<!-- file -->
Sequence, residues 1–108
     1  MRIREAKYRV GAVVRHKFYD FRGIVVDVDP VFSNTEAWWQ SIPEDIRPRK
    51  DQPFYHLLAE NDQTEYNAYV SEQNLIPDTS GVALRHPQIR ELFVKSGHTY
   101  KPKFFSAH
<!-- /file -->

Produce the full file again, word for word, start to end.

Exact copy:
Sequence, residues 1–108
     1  MRIREAKYRV GAVVRHKFYD FRGIVVDVDP VFSNTEAWWQ SIPEDIRPRK
    51  DQPFYHLLAE NDQTEYNAYV SEQNLIPDTS GVALRHPQIR ELFVKSGHTY
   101  KPKFFSAH